Starbucks pulls new chicken sandwich from menu due to ‘quality standard’ concerns
Starbucks pulled its newest chicken sandwich less than a week after it was debuted due to quality standard concerns, though some internet users say the sandwich may have sickened them.
According to a Starbucks spokesperson, the chicken, maple butter and egg sandwich was given a "voluntary stop sell and discard" order on June 26, just days after it was initially launched on June 21.
The only reason given to FOX TV Stations for the item being pulled from stores is that it did not meet the company’s "quality standards," according to an emailed statement from a company spokesperson.
"We issued a voluntary stop sell and discard on the Chicken, Maple Butter and Egg Sandwich because the product didn’t meet Starbucks quality standards. We are committed to a high level of quality in the products that we serve and always act with an abundance of caution whenever a product or quality issue is raised," the statement said.
Meanwhile, customers and even baristas took to social media following the sandwich’s debut after several people reported suffering diarrhea, stomach pain and even vomiting after eating the latest addition to the menu, according to a report from The New York Post.
The Post reported that one person on TikTok claimed she had suffered diarrhea after consuming the sandwich and later tested positive for a campylobacter infection, which occurs when someone eats raw or undercooked poultry, according to the U.S. Centers for Disease Control and Prevention.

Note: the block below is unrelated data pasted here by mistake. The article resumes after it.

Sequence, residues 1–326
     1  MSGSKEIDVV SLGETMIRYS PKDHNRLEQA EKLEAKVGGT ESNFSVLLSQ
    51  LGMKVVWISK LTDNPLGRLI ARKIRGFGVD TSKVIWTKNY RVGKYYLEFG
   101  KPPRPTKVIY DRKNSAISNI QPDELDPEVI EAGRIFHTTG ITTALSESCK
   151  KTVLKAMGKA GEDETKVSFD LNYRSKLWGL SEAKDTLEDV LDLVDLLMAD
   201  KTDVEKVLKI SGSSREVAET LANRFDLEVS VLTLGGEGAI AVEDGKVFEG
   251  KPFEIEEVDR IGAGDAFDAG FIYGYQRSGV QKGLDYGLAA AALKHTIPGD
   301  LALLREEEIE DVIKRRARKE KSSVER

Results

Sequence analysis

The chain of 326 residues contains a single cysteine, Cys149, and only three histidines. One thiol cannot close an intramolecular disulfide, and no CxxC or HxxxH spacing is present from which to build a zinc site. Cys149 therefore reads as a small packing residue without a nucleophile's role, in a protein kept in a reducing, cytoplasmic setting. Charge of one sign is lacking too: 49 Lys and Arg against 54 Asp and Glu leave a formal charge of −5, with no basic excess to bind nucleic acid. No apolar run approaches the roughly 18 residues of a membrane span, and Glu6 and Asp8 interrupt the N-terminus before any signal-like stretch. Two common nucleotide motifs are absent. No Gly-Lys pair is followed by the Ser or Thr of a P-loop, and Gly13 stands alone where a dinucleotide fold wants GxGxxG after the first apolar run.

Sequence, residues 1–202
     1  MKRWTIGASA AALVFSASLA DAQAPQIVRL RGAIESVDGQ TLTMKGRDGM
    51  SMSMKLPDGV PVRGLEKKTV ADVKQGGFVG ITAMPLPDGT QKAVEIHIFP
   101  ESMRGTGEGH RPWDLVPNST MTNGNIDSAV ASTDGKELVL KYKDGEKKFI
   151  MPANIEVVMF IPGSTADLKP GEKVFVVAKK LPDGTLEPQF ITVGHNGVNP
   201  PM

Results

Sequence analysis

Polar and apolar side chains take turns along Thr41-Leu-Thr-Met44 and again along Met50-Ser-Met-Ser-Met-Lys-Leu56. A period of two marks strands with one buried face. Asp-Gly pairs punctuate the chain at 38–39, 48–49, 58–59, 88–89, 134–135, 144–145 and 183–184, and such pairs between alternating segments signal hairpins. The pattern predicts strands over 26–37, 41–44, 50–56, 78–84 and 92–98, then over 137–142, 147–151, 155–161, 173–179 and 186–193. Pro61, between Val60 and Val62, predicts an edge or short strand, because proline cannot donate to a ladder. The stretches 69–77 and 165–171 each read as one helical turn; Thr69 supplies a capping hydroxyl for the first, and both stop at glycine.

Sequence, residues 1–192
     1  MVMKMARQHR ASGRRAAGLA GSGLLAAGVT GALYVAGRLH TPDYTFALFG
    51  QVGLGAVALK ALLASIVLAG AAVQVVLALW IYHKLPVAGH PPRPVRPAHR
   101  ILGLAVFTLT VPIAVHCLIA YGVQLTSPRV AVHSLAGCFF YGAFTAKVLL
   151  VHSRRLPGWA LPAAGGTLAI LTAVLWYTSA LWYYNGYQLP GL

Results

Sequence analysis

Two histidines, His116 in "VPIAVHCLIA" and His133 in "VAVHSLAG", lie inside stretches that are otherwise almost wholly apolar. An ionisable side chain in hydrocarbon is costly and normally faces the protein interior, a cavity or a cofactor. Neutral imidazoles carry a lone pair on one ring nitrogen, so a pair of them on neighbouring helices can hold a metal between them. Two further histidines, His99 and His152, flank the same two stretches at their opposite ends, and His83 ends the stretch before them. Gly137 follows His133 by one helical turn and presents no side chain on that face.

Some people also reported biting into pieces of chicken bones and others said the middle of their chicken sandwiches were cold, according to The Post.
Despite these reports, the company insisted the stop sell/discard order issued for the chicken sandwich was not related to any food-borne illnesses.
"This is not an FDA-issued recall nor is it related to salmonella or listeria contamination. The quality issue that was identified by Starbucks would not lead to food-borne illness and any reports linking the stop sale to illness are inaccurate," according to an emailed statement from the company.
This story was reported from Los Angeles.